The importance of age in patterning relationships both within and outside the family is seen in the traditional subordination-superordination which characterizes the division of generations (1984). Principle of generation or age grading is present in the Italian society. Members of the same generation are set apart from the others in accordance with the order of descent. Each group follows certain prescribed rules of behavior and certain assigned rights and obligations (2001). For instance, the paternal and grandparental generations are expected to take care of the children and grandchildren (2001). In return, the latter are expected to obey and respect the former. Thus each individual is seen in a relation to the rest of the kinsmen according to age and the order of descent.
Each society has a kinship system which provides the individual with a circle of socially defined relatives. The kinship system also presents a set of norms, of usages and patterns of behavior between kinsmen. It involves a system of terminologies by which relatives of different categories are spoken of or by which they are addressed. It also involves conventional rules of behaviors, attitudes and interpersonal relations as well as certain rights and privileges pertaining to kin. Kinship among Italians as asserted by Forgacs (1996) is interpreted in terms of all three criteria: descent, marriage and pseudo relationship. Thus the Italian’s larger kin group consists of consaguineal, affinal and spiritual relatives. The consaguineal kinsmen are relatives by blood. This group is large because of the bilateral extension and the multilineal structure of the Italian family (forgacs, 1996, p. 211). It includes all the direct ascendants from great grandparents to parents and all the descendants from children to great grandchildren Forgacs, 1996, p. 210). It also includes the collateral realtives such as siblings, cousins, parents’ siblings and grandparents’ siblings.
Although considered less important than the consaguineal kin, the affinal relatives are also counted as part of the larger kin group. By marriage, the wife becomes an affinal kin of the husband’s family of orientation and the husband, of the wife’s (1984). The parents, siblings and other relatives of the spouse also consider themselves merged as affinal kin by marriage. (2001) then concluded that the affinal group can be very large because of the union of the two consaguineal families.
Aside from the consaguineal and addinal kin, the larger kin group of the Italian family includes the spiritual or ceremonial kin. These are the relatives acquired through the ceremonies of baptism, confirmation and wedding (1984). Each of these ceremonies involves at least two sponsors. These sponsors and their families become spiritual kinsmen of the sponsored and his or her family. Considering that there are about children in the average family who will go through three ceremonies during their lifetime, the number of ritual kinsmen added to the family’s wider circle of relatives is quite big (1984).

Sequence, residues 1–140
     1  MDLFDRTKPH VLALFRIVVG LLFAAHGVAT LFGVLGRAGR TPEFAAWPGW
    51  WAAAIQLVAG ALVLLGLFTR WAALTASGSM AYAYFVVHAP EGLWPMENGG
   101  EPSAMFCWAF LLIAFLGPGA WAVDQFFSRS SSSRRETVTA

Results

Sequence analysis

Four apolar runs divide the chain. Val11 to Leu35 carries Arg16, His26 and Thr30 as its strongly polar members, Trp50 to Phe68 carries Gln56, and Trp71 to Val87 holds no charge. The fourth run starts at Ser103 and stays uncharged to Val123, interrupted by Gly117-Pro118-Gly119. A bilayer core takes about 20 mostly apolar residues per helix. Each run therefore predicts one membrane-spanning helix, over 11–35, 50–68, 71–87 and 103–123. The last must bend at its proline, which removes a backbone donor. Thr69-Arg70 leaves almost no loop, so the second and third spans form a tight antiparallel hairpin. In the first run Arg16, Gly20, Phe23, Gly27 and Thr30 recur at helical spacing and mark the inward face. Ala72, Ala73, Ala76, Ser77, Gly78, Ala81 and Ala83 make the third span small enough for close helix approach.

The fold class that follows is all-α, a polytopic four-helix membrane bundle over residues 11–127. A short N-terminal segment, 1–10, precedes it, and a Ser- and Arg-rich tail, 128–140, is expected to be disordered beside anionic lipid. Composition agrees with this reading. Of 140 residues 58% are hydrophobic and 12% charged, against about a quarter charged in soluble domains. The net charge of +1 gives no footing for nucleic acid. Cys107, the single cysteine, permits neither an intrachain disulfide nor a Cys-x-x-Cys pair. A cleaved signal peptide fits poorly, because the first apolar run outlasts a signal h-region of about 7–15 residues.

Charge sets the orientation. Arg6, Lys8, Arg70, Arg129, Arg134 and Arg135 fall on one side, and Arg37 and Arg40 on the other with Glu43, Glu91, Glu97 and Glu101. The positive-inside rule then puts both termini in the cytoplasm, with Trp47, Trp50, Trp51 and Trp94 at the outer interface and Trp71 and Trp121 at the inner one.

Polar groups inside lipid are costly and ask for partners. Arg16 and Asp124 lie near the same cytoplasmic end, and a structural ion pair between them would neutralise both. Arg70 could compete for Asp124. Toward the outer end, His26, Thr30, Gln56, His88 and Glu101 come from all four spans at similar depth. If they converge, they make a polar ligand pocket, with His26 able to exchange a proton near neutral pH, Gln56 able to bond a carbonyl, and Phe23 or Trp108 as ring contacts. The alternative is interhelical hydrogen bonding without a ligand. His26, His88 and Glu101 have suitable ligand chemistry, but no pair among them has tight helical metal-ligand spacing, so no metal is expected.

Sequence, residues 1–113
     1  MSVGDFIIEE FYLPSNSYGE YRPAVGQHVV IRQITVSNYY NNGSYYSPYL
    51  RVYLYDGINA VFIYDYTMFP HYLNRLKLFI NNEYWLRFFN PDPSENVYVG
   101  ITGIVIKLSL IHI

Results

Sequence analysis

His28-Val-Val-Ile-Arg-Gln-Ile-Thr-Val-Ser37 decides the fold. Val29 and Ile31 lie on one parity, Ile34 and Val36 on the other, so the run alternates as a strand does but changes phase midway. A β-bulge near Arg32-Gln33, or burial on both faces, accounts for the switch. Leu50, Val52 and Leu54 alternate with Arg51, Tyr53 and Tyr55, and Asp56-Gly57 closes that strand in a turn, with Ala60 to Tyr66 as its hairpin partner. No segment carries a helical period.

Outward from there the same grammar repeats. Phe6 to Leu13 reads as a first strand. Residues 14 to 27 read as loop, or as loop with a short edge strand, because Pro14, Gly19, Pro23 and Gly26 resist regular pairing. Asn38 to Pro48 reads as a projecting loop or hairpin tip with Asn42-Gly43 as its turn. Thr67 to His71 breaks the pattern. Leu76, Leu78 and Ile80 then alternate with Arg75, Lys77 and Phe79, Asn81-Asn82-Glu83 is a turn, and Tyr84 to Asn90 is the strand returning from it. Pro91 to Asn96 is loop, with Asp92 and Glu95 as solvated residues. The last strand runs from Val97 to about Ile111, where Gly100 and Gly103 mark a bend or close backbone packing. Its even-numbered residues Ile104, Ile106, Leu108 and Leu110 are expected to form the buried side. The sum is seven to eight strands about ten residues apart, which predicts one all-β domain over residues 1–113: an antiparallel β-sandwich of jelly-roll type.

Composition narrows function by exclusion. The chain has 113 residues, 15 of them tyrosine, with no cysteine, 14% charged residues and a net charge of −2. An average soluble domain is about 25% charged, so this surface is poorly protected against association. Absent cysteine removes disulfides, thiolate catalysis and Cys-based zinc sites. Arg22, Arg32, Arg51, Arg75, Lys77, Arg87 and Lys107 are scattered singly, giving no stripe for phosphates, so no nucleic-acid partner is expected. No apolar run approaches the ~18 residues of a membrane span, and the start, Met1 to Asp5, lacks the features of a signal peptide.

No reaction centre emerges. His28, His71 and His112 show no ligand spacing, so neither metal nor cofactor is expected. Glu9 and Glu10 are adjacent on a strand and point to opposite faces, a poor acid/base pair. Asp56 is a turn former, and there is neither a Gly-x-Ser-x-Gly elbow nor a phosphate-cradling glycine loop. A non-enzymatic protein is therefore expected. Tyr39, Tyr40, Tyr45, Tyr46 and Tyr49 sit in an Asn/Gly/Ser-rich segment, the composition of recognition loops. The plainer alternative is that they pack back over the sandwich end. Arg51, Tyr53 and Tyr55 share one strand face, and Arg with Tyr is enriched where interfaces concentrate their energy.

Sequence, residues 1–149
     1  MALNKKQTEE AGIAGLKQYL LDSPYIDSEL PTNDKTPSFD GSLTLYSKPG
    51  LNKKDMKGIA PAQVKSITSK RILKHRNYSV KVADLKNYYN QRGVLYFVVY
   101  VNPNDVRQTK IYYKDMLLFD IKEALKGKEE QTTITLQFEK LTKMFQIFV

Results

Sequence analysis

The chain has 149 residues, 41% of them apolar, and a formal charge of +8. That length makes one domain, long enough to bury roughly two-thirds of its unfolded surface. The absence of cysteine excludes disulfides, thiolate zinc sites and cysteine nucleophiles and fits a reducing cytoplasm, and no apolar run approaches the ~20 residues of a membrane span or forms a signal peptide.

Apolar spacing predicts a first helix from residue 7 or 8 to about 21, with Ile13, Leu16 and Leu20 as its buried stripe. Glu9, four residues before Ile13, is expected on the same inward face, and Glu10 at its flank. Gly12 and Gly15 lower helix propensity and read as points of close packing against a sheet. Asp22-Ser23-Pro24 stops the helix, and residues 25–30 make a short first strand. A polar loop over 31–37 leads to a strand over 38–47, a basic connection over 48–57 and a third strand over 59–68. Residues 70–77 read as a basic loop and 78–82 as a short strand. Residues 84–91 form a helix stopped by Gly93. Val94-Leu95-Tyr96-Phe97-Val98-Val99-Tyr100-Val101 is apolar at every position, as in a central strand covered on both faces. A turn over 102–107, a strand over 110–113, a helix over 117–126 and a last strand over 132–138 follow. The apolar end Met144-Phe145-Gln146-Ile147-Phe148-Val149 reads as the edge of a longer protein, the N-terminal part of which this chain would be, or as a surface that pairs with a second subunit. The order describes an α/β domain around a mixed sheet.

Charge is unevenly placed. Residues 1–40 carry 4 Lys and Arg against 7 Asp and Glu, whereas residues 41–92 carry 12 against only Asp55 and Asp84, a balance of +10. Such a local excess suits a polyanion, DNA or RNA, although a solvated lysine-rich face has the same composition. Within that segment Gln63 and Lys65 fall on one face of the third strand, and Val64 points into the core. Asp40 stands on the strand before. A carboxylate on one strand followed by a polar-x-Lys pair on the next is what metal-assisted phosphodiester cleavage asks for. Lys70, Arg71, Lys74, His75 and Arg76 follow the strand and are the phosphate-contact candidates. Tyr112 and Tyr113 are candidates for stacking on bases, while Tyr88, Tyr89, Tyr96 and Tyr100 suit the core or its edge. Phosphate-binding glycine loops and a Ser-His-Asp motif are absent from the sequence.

Traditionally, kinship consideration directs and regulates much of an Italian’s relationship and behaviors. Kinsmen are distinguished clearly from non kinsmen and are given special treatment and priority. Within the kinship group, members know exactly the degree of their relationship and how they are to interact specifically with one another (1999). In general, mutual help and reciprocity characterize kin relations, which in turn reinforce and preserve kinship solidarity and cohesiveness (1999).
The processes of modernization, industrialization and urbanization as noted by (1963) in his book has brought about rapid changes in social and economic structure and had altered the cultural environment of the young. The close extended family, for instance has gradually loosened its hold on the individual, allowing him free relative freedom to plan and work out his own life (1963). The school with its positive orientation to change has encouraged the young to aim high and achieve beyond what the family reached and the peer group has become the source of behavior and attitudinal standards (1963).
Industrialization and urban migration has undermined the traditional system of family control since these social conditions gave the individual wide opportunities for participation in the production and distribution of goods and services outside the home (1963). Young people are no longer economically dependent on family elders. Improved roads and transportation has also contributed to the greater independence of the young. In a study conducted by (2005) among young Italians in three companies based in Rome, he found out that those who were urbanized because they stayed in the capital longer had a shorter courtship period, more non church weddings and more tendency to be independent of their kinsmen in matters of wedding arrangements and residence after marriage that the more recent migrants.